To chop garlic: First place the peeled garlic clove, flat side down, on your cutting board. Place the flat side of your chef’s knife on top of the garlic and, while securing the knife in place with your working hand on the handle, give the top, flat side, of the blade a good whack with your other hand. Flatten as many cloves as desired, then pile them together and simply mince the cloves into small pieces, using the same knife used to flatten them.
Onions can be chopped a day ahead and kept chilled, well covered. And, to extend their shelf life, just freeze them in doubled, heavy-duty freezer bags. Although I wouldn’t serve frozen onions to be eaten raw, and it’s true that frozen onions won’t brown well, this is not an issue when making dishes containing cooked onions, where browning is not required (like when making a rice pilaf.) As a matter of fact, I keep bags of mixed coarsely cut up aromatic vegetables (onions, carrots, celery and leeks) in the freezer so that I can easily embellish a broth meant to poach ribs or potatoes, before being roasted. This also enables me to, at whim; put together a pot of stock, whether one featuring just beef, chicken, veal or fish. If making a vegetable stock, I would also add freshly cut up and roasted vegetables to the pot containing the raw (fresh or frozen) ones.
Speaking of Vegetables: Blanch, blanch, blanch (and then refresh)!
Weekends are the perfect time to trim, cut and parboil vegetables. This technique is called “blanching” and it means to partially cook vegetables (uncovered) in boiling salted water and, when almost tender, you’ll remove them from the water and immediately plunge them into a big bowl of ice water, using your hands to swish the vegetables around to help facilitate cooling. (This last part is called “refreshing.”) Blanched, refreshed, drained and dried vegetables can be stored in the refrigerator for up to 3 days. I keep them in heavy-duty freezer bags, wrapped in paper towels. A great pot to use for blanching vegetables (and for cooking pasta) is one with a built in strainer. Though these come in several sizes, I suggest having the 8-quart one, which is the most versatile.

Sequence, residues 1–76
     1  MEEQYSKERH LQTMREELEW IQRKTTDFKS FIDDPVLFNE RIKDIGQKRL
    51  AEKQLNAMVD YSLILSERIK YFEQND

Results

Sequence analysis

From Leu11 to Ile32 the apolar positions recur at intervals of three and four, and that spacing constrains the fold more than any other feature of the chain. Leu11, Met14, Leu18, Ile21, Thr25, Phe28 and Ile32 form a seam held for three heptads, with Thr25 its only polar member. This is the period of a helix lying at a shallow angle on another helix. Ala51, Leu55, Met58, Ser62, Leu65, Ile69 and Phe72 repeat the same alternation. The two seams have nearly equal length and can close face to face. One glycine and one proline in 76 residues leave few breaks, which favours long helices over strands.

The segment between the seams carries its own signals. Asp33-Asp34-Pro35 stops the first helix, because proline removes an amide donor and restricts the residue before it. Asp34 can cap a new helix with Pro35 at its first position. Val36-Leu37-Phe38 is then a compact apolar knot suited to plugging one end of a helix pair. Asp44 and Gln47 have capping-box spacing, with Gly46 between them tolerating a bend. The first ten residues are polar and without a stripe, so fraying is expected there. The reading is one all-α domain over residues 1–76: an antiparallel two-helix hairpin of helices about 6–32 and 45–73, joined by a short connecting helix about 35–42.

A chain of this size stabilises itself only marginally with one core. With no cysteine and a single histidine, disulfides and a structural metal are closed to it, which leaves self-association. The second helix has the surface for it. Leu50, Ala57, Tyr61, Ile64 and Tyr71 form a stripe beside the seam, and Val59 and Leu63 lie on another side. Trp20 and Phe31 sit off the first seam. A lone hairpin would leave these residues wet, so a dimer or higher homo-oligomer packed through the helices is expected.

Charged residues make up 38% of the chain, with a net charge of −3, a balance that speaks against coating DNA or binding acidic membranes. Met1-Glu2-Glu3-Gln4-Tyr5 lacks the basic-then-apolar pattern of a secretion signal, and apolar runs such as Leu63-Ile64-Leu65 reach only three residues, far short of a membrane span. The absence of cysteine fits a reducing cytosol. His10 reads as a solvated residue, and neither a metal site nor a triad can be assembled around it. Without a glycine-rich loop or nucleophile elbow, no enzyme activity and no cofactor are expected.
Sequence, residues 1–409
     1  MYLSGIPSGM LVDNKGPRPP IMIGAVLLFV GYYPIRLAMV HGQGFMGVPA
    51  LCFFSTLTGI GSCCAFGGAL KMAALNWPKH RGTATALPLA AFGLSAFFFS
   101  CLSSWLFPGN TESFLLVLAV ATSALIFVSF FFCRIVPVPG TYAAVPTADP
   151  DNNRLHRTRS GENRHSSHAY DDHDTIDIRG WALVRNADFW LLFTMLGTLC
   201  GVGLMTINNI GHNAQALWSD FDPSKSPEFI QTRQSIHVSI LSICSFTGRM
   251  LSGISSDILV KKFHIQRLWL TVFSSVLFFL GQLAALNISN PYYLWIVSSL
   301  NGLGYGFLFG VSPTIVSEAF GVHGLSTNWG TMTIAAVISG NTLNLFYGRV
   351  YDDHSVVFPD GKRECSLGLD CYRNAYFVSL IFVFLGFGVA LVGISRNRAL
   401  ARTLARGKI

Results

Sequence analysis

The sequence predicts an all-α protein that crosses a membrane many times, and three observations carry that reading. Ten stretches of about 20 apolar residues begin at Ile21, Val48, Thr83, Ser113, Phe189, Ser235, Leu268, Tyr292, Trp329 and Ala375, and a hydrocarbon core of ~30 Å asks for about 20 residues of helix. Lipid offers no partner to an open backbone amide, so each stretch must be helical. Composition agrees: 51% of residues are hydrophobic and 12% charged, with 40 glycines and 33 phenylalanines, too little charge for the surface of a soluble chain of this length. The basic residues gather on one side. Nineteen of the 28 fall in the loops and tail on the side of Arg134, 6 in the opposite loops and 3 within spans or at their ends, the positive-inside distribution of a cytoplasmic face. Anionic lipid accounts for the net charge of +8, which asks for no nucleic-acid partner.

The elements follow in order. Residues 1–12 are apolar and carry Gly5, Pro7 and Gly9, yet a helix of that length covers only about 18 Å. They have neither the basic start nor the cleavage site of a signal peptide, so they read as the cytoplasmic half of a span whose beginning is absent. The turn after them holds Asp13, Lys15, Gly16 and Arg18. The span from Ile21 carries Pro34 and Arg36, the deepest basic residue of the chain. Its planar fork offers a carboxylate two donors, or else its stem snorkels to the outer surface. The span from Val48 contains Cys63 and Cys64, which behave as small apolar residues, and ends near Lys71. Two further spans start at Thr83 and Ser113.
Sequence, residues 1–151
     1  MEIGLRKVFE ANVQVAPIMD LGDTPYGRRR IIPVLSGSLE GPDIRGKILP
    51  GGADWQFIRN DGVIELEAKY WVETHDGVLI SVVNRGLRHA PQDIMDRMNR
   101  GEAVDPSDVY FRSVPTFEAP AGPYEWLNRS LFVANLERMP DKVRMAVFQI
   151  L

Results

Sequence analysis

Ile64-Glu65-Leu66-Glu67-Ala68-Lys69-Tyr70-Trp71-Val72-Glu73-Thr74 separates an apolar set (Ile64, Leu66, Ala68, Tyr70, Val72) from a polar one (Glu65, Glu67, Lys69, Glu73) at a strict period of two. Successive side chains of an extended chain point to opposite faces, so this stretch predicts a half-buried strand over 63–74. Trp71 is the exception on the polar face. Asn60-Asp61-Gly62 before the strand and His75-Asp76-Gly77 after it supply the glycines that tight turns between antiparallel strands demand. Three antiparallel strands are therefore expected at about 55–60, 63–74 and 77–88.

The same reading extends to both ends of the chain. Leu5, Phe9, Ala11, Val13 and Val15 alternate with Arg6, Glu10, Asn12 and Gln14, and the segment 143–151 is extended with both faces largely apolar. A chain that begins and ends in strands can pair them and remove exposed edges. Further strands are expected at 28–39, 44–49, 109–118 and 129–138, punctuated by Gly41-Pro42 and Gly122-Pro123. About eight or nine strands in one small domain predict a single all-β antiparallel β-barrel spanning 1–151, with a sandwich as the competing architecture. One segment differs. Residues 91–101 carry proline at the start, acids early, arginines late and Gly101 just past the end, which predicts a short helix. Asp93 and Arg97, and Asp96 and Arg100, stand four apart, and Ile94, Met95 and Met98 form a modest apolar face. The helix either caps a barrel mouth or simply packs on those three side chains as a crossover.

Just some of the vegetables appropriate for blanching are: Carrots, green beans, asparagus, cauliflower and broccoli. If using the same water to blanch them all, you would cook them in that order. This is to avoid over-flavoring the water with the pungency inherent in those vegetables tagged “cruciferous” which are the smelly, albeit extra-flavorful, ones. The amount of minutes you’ll boil a particular vegetable will depend on its size, age and type (i.e. asparagus take 2 to 5 minutes, depending on their girth, carrots will take 5 to 8 minutes, depending on how thick they’re sliced and on the size of their central core and green beans will take between 4 and 6 minutes, depending on age and type). Blanching time will also depend on “how” you plan to serve each vegetable. For instance, one night, you can serve green beans after sautéing them in a bit of hot fat with minced garlic, and then next night, you can serve them cold, dressed with vinaigrette, instead of the same old leafy salad.
Speaking of salad:
Here’s where your “weekend shopping” can really help to create diversity in your cooking. Your pantry should have jars of roasted peppers, cans of hearts of palm, capers, marinated artichoke hearts, an assortment of beans, olives, vinegars, cold-pressed oils, etc. You can also clean and spin dry your lettuce and keep the dried leaves rolled within paper towels and slipped into a large freezer bag and stored in the refrigerator. Keep the bag open a bit, to allow for air circulation. Dressings can also be made ahead and kept in the refrigerator to be used throughout the week. I make a big batch of one or two and alternate during the week.
So, I hope that I’ve given you some “food for thought” and that you now feel ready and able to make more home cooked meals fit happily into your life. Here’s a family favorite recipe for my Herb & Garlic Scented, Double Rib Lamb Chops, that’s easy to prepare and is sure to bring your family to the table wearing a smile. Enjoy.